Less Can Be More With Fiber

Less Can Be More With Fiber The general recommendation for daily intake of dietary fiber is 25 to 30 grams, but the most American adults only get about half that amount. Fiber is useful for supporting digestive health, and many dieters feel like it helps them feel full for longer, which can be useful for beating back snack cravings. How much is enough to realize these benefits? A study published in the Nutrition Journal examines the satiety potential of high and low doses of fiber.

Ninety-six volunteers were given 30 grams of oligofructose and pectin per day, 15 grams of this fiber blend, or 15-grams of maltodextrin (placebo) for 3 weeks. Although differences in food intake across this time period were considered statistically insignificant, high dose fiber supplementation reduced caloric intake by about 58 calories while the low dose of fiber contributed to a greater reduction of 74 calories.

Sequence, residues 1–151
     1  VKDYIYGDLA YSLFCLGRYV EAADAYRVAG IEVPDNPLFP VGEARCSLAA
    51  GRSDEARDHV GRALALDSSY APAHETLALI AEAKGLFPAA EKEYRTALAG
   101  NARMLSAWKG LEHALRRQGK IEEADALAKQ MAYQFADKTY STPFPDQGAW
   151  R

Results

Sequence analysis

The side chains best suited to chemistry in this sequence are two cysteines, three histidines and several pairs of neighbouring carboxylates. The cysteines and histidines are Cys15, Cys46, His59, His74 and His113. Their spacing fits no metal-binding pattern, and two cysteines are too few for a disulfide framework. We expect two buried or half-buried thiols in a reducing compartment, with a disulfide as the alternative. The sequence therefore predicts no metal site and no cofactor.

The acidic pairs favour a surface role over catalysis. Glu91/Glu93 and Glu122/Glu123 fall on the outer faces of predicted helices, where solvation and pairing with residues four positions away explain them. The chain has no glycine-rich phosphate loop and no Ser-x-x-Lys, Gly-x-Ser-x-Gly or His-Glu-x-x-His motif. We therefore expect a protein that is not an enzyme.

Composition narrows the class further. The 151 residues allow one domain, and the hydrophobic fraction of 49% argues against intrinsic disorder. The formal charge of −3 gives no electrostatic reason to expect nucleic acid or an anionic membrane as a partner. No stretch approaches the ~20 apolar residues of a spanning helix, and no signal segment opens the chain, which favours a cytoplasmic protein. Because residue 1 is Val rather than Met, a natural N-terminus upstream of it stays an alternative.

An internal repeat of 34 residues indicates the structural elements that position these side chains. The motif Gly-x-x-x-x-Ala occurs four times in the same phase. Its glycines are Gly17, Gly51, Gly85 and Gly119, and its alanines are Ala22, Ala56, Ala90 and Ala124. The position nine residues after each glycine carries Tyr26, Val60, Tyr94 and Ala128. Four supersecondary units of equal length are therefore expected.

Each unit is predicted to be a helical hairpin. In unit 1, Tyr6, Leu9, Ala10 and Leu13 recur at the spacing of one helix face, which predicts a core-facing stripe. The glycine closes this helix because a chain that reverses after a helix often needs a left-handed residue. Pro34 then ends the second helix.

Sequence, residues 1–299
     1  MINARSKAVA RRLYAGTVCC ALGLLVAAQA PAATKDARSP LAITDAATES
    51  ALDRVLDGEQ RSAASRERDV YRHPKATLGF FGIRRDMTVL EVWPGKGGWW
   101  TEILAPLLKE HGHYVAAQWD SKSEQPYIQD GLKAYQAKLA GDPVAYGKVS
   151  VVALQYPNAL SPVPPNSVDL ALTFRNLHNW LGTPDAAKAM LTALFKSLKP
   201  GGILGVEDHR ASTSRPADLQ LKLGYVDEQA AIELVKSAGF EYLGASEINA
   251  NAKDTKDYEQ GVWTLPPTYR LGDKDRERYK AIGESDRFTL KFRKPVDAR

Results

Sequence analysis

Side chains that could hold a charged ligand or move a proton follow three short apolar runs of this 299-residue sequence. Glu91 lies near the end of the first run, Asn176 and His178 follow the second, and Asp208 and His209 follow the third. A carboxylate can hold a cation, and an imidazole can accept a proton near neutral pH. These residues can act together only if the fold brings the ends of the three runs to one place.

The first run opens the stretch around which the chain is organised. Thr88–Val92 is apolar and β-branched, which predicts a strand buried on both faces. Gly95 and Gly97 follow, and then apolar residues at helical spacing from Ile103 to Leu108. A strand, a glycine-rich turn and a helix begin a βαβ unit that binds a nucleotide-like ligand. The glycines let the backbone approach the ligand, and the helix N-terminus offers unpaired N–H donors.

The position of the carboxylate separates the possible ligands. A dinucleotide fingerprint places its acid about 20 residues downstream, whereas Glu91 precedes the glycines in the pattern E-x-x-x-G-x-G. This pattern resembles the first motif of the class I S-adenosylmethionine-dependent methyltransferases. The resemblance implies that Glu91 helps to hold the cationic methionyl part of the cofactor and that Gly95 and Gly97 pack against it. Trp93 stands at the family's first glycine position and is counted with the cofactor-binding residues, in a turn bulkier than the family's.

True Strength Moment: Even if adding some dietary fiber into your diet only helps you reduce caloric intake by a little, all the strategies you apply to your weight loss goal can add up to produce noticeable results over time. Make a point of eating your fruits and vegetables.
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